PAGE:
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Wednesday, October 23, 2019

Opinion

Election recap: primary season gets ugly


Hillary_Clinton_in_November_2014

Hillary Clinton has begun going on the offensive against her main opponent, Bernie Sanders. | Courtesy of Wikimedia Commons

It’s primary election season and that means presidential candidates in both parties are going to begin thinning the heard until the last man (or woman) is standing.

Here’s a recap of what you may have missed:

I. Hillary Clinton begins attacking Bernie Sanders

Hillary Clinton began a major offensive last week against Bernie Sanders, mostly focusing on his record on gun control and healthcare. With the news that Sanders is quickly catching up in the polls and overtaking the top spot in New Hampshire polling, her attacks come across as a desperate attempt to get voters on her side again. Clinton claimed that Sander’s healthcare plan would “completely dismantle Medicare,” which makes no sense seeing as Sanders has been fighting for a Medicare for all system virtually his entire political career.

II. Ted Cruz and Donald Trump’s bromance is over

At the beginning of 2016, Ted Cruz was shown to have overtaken Donald Trump in Iowa polls, and this seems to have caused some concern for Trump. Then Cruz comes out and attacks Trump, demeaning him by saying  that Trump represents “New York values.” With the combination of Trump’s very small lead in Iowa and Cruz’s attacks on his home state, Trump decided to finally break from his good standing relationship with the Texas Senator, showing that primary season truly is the more vicious part of the presidential election cycle.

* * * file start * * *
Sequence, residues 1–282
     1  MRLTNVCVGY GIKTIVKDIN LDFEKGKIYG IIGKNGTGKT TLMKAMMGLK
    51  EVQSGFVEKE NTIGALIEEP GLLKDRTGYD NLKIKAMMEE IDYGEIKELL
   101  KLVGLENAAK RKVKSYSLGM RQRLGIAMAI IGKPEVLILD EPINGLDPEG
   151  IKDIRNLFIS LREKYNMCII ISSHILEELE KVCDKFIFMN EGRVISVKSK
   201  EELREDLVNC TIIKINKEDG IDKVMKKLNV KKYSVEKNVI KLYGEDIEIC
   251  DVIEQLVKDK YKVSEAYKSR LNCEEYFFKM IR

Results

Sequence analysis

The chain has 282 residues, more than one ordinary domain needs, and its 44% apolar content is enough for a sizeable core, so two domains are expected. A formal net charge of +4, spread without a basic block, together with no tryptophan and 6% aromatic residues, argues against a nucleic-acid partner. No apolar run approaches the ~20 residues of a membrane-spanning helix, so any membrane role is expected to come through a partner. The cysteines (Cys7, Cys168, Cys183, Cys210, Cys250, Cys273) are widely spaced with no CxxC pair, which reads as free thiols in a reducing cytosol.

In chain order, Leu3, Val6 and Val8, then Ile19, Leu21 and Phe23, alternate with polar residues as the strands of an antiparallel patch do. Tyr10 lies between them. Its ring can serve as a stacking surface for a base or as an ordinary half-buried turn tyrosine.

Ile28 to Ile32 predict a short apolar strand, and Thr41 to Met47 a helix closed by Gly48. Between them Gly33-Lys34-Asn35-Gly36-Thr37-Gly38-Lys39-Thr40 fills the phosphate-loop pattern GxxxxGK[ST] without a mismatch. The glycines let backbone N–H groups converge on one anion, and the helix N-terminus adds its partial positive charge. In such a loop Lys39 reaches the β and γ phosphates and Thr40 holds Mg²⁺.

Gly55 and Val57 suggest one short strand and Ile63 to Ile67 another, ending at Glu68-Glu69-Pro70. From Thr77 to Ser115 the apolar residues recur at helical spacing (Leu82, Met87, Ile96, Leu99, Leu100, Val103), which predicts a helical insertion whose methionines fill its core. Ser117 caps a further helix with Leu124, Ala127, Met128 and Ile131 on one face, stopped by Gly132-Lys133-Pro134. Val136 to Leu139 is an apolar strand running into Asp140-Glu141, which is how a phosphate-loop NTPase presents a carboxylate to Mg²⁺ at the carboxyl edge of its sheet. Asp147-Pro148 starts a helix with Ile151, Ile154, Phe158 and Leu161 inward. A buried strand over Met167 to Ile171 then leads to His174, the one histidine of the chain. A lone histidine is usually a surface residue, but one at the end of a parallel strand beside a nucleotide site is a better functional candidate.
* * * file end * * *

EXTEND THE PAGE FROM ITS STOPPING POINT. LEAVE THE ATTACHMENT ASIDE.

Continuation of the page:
III. A Houston lawyer is suing Ted Cruz about his eligibility to run for President

Though Ted Cruz was born in Canada, he is technically still allowed to run for president due to his natural-born citizenship from his American mother. This did not stop veteran Houston lawyer Newton Boris Schwartz from filing a lawsuit against Cruz, questioning the constitutionality of his eligibility to run for president. It isn’t exactly clear in the Constitution that just having an American parent immediately makes you a citizen, but past court cases show that this is the case.

This all seems to be stemming from Trump, who seems to be revitalizing the “birther” frenzy and stir up the xenophobes in America. It just goes to show it doesn’t really matter if you’re black or white; if you’re citizenship is questioned, people will bandwagon for the chance to get rid of someone they don’t deem American enough.

Opinion editor Anthony Torres is a political science junior and may be reached at [email protected]

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